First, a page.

Most websites lack focus, let alone a consistent user experience or tone of voice. Social media rarely integrates well with the website and most organisations mobile strategy consists of throwing some apps at the iOS app store.
Email is little better. In fact I am working with one charity client whose supporters may receive as many as 80 emails from them a month! This happens because there is no central control over emailing.
The nature of organisations is not compatible with the web
The reason for this chaos? Most organisations are just not compatible with the web. In many way the web works in a diametrically opposite way to most organisations…
- Most organisations work in departmental silos, while the web is cross disciplined.
- Organisations are often internally focused while the web demands that we are user centric.
- Organisations like projects with fixed budgets and specific end points. The web on the other hand is an ongoing investment.
- The majority of organisations approach to marketing is to broadcast their message. However, the web is about a dialogue with users.
- Many organisations have thorough decision making processes to avoid mistakes, while the web demands a quick, agile and iterative decision making.
In short, most organisations pre-date the web and so are not equipped to handle the changes that digital has introduced. Instead they try to force the web into their current model, reducing it to little more than an online brochure. The web is never going to fulfil its potential in an organisation that does that.
If any of this rings a bell with you, it might leave you believing there is no hope for your organisation. Fortunately that is not true.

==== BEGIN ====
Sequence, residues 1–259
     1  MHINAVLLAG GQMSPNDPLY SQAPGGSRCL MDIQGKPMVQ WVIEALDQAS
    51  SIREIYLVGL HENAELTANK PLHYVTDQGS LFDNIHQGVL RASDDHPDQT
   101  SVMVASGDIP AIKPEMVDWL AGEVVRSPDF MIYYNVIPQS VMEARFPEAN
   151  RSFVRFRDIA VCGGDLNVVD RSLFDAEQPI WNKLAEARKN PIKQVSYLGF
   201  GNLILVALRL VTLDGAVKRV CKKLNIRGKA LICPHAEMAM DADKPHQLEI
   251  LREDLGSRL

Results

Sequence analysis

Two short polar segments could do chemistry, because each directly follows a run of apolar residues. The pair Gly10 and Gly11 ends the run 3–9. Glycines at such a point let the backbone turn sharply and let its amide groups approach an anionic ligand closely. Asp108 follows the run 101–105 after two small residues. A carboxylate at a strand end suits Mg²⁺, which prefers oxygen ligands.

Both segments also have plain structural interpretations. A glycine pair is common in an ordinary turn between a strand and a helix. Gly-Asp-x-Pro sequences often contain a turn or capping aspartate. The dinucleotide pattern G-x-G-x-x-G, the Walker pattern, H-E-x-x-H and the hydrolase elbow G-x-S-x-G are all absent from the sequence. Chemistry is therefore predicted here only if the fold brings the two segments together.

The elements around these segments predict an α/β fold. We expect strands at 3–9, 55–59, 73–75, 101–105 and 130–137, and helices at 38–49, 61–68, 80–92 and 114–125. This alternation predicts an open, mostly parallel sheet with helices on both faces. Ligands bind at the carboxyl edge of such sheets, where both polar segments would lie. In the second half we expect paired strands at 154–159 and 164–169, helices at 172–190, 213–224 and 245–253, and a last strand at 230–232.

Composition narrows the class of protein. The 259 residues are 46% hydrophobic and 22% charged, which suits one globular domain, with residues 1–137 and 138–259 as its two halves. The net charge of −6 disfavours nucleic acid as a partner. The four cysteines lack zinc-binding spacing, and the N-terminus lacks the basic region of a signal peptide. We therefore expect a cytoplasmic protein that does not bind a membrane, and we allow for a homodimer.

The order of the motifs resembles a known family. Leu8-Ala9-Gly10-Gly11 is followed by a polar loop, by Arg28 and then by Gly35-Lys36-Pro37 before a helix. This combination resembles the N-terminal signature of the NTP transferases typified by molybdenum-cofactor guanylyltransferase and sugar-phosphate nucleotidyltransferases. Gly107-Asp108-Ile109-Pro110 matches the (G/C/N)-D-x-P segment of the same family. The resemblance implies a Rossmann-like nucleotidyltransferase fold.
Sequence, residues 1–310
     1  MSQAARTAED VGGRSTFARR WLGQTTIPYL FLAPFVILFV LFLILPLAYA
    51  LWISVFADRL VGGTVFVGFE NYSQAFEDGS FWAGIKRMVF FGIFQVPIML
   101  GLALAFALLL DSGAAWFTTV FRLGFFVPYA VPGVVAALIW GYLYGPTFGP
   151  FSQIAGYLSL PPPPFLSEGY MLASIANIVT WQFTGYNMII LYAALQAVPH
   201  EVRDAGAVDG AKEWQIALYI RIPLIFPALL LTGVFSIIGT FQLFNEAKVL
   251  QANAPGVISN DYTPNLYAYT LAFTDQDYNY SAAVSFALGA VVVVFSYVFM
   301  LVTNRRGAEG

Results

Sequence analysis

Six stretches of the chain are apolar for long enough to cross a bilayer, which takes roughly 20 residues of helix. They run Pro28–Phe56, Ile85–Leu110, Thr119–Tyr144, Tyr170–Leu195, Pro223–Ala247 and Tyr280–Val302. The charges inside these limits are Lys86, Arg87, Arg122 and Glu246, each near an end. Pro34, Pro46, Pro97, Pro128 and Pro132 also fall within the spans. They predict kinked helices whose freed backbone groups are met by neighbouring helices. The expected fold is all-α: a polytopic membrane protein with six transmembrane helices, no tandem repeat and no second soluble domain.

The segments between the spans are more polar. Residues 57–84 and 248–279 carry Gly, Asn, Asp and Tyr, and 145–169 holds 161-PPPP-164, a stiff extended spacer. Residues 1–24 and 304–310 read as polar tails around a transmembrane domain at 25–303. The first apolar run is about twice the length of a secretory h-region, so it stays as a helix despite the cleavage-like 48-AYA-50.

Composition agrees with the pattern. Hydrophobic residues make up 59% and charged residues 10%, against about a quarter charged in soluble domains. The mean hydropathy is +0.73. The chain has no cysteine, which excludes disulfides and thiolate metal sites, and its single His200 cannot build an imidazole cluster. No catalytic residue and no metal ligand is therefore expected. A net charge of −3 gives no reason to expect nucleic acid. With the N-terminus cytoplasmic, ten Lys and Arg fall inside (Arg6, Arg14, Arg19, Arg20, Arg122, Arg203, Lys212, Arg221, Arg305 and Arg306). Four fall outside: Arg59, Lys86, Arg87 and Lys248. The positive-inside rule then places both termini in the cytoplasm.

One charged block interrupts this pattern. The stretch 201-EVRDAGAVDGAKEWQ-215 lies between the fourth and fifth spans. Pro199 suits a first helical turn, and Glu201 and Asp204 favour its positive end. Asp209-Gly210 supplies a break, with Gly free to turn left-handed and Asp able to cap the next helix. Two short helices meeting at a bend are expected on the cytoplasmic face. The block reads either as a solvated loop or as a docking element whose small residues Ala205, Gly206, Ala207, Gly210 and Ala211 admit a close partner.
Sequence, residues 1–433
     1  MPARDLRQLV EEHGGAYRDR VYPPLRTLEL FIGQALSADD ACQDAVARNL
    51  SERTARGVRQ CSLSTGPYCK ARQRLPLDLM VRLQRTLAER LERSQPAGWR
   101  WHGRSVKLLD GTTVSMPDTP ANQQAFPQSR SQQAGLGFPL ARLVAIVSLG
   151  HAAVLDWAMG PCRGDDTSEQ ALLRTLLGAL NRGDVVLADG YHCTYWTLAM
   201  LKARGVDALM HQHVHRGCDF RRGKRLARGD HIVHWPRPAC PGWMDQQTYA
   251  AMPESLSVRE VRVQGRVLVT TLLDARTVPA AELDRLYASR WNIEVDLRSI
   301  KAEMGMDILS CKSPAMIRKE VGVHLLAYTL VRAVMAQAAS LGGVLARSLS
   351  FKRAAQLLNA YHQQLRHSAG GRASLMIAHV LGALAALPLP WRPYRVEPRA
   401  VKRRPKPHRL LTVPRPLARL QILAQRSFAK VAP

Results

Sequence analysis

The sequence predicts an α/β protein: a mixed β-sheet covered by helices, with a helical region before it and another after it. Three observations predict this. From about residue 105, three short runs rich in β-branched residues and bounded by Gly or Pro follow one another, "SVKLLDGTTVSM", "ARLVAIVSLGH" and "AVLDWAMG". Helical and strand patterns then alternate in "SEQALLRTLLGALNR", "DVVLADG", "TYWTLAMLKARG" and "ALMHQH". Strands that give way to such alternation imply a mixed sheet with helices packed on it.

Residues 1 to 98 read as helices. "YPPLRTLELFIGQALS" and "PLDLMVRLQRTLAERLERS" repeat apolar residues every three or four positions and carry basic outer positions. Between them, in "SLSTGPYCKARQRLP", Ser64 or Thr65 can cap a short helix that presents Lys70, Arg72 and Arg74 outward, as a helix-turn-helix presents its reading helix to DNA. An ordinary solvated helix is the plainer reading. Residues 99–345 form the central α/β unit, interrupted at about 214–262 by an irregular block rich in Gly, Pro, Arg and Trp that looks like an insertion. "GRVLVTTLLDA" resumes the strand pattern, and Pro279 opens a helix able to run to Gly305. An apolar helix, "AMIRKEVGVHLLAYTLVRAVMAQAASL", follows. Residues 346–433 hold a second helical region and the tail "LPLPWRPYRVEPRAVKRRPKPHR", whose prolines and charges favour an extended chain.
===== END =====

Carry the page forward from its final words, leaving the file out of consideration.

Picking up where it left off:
There is hope
You can’t get much larger and more bureaucratic than a government or higher education institution. However, both the GOV.UK and University of Surrey are great examples of organisations who have succeeded in changing their approach to better utilise the power of the web.
But, how exactly is this achieved? Well, different organisations take different approaches. Some, like the examples above call in outside experts to initiate change. Others achieve the same results at the grass roots level. As Jonathan goes on to point out in his List Apart post, this kind of grass roots change can start with anybody no matter how lowly they are within the organisation.
Educating senior management
Unfortunately, a lot of the time senior management don’t see there is a problem. They don’t know that the web can provide anymore business benefit than it already does. It therefore falls to those of us who know better to educate them.
I won’t claim that this is easy. However some approaches you might consider are:
- Running workshops where you introduce others in your organisation to examples of best practice and success stories.
- Building proof of concept pieces that demonstrate a better way.
- Ask the questions that need to be asked. Ask questions about your web strategy, decision making processes and resourcing.
- If answers are not forthcoming, start answering the questions yourself. Write your own objectives, policies and processes. Don’t wait for others.
In fact sometimes we are better taking a leaf out of Grace Hoppers book who famously said “ It is often easier to ask for forgiveness than to ask for permission.” If we wait for permission it will never come. Instead we need to be the instigators of change.
Ultimately Jonathan Kahn sums it up when he wrote:
It’s about pointing out risks, shining a light on organizational denial, overcoming resistance, and facilitating constructive discussions about change.
This post was first published on econsultancy.com.